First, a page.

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Do we know whether potential G-quadruplexes actually form in long functional RNA molecules?
journal contributionposted on 2016-12-13, 15:22 authored by C. Weldon, Ian C. Eperon, Cyril Dominguez
The roles of deoxyribonucleic acid (DNA) G-quadruplex structures in gene expression and telomere maintenance have been well characterized. Recent results suggest that such structures could also play pivotal roles in ribonucleic acid (RNA) biology, such as splicing or translation regulation. However, it has been difficult to show that RNA G-quadruplexes (G4s) exist in specific long RNA sequences, such as precursor messenger RNA, in a functional or cellular context. Most current methods for identifying G4s involve the use of short, purified RNA sequences in vitro, in the absence of competition with secondary structures or protein binding. Therefore, novel methods need to be developed to allow the characterization of G4s in long functional RNAs and in a cellular context. This need has in part been met by our recent development of a method based on a comparison of RNA and 7-deaza-RNA that provides a test for identifying RNA G4s in such conditions.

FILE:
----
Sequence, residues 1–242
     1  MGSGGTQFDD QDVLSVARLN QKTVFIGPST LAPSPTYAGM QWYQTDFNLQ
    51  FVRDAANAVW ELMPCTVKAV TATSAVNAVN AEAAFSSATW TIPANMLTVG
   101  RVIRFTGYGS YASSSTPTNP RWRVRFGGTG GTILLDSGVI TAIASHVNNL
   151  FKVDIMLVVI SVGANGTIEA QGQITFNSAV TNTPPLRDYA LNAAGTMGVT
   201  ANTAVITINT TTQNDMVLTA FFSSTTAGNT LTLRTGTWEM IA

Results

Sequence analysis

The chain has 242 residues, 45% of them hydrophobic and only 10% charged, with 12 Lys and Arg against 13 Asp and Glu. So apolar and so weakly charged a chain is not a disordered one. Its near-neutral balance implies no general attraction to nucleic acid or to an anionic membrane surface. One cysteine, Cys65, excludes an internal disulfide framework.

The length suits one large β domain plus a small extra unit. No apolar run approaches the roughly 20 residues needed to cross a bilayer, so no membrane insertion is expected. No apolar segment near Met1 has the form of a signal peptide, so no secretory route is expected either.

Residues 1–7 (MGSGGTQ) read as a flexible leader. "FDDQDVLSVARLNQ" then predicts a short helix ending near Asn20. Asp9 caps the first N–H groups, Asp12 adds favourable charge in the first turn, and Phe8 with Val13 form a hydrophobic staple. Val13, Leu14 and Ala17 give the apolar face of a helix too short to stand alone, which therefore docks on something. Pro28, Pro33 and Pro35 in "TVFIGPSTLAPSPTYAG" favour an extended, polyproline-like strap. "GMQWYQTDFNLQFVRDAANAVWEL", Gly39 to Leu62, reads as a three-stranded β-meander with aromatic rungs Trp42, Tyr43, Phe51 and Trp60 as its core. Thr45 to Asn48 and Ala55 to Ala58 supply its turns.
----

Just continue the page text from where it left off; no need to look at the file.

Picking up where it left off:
This work was supported by a Medical Research Council Career Development Award to C.D. [G1000526] and a Sir Dudley Spurling Post Graduate Scholarship from the Bank of Butterfield Foundation in Bermuda to C.W.
CitationBiochemical Society Transactions, 2016, 44 (6), pp. 1761-1768
Author affiliation/Organisation/COLLEGE OF MEDICINE, BIOLOGICAL SCIENCES AND PSYCHOLOGY/MBSP Non-Medical Departments/Molecular & Cell Biology
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